Welcome to Freaky Fridays, that day of the week when we turn to out-of-print paperbacks to remind us that it is good to be sensitive to other cultures and how they handle their GTL. Also, this is the last Freaky Friday for the summer, because next week I’ll be starting the final leg of my epic Great Stephen King Reread.
Mama mia! It’s spaghetti night at Freaky Fridays! Sit down inna chair and mangia, mangia, mangia! Eat some pasta! Have a nice cannelloni! Maybe a little red wine? And we end with a nice cappuccino an’ a little zeppole. You eat! Thatsa good boy! Gotta grow up big n’strong like Uncle Gino! And maybe so you don’t get the agita you can read a nice book after?
I’d suggest you pick up Fantasma by Thomas F. Monteleone because he knows what he’s talking about. He’s written a book about la famiglia fighting la H.P. Lovecraft, and I don’t mean your cousin Tracy’s famiglia, I mean LA FAMIGLIA, as in the Cosa nostra, as in the mafia, capeesh? There you go, I knew you were a smart boy who’d understand.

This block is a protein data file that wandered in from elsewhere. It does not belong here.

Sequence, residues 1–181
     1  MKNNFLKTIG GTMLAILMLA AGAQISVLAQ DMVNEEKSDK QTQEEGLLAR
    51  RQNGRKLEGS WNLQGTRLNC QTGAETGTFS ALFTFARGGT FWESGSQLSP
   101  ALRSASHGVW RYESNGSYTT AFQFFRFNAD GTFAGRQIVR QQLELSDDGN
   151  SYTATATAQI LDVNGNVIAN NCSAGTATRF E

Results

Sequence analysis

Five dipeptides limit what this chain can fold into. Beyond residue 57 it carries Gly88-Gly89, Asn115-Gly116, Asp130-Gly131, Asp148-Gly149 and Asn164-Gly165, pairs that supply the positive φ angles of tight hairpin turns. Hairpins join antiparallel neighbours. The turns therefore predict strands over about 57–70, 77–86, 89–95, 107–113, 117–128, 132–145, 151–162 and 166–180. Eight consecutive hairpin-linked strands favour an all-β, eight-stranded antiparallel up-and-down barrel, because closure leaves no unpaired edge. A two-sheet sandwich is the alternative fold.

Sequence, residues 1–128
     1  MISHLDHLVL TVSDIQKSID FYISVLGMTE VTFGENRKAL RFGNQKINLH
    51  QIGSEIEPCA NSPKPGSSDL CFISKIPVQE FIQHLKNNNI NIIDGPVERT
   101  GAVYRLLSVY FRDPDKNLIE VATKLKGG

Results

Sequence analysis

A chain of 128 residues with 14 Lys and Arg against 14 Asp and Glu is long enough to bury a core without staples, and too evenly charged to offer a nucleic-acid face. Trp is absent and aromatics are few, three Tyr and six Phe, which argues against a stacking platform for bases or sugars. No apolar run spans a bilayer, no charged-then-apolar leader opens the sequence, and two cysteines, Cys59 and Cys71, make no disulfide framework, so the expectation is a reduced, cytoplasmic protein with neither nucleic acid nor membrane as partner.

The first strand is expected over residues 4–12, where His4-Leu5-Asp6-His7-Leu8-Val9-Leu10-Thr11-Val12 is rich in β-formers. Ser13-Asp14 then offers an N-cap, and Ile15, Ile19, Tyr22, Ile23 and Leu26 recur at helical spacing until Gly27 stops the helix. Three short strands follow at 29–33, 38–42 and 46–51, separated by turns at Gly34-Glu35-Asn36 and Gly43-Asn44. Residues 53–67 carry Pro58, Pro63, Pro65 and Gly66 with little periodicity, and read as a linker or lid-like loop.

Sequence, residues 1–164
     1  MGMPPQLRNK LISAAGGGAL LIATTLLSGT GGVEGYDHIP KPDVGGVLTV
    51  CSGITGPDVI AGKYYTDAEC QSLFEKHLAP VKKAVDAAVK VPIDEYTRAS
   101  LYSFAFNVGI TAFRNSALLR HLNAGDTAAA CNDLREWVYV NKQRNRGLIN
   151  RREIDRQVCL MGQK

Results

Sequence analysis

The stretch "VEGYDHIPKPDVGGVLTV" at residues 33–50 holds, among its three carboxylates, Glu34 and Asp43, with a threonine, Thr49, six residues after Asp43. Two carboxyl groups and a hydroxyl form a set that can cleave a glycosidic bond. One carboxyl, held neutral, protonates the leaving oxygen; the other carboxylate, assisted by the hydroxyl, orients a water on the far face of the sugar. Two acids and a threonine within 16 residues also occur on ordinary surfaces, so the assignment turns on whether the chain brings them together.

We’ve hung out with Thomas F. Monteleone before, back when Freaky Fridays hit his Night Train, which was not Monteleone’s private brand of discount fortified wine but instead a horror paperback original about monstrous gods living in the New York City subway system, going from train to train singing “Lean on Me” a capella, and selling candy bars. Monteleone was one of the go-to guys for horror paperbacks in the Eighties, turning out six of them before moving on to thrillers (and bestselling success) in 1992. He also achieved renown as the editor of his Borderlands anthologies (now on their sixth installment). A master of turning out dependable pulp entertainment, if authors were directors, Monteleone was Jack Hill: talented, self-aware, but never acting superior to his material. His books don’t transcend genre, they just dose it with performance-enhancing steroids. You may read a better urban panic book than Night Train, but you won’t read a better one that includes a hidden temple beneath Manhattan’s Lower East Side packed to the gills with evil dwarf sorcerers. Similarly, you might read better mafia novels than Fantasma, but you won’t read a better mafia novel where they fight Hellmonsters.
But first, I have to warn sensitive readers before they proceed further. If you have delicate sensibilities, if you aren’t prepared for descriptions of depravity, if you believe the world is essentially a sane and good place, then please stop reading this review now. Because the main character of Fantasma is…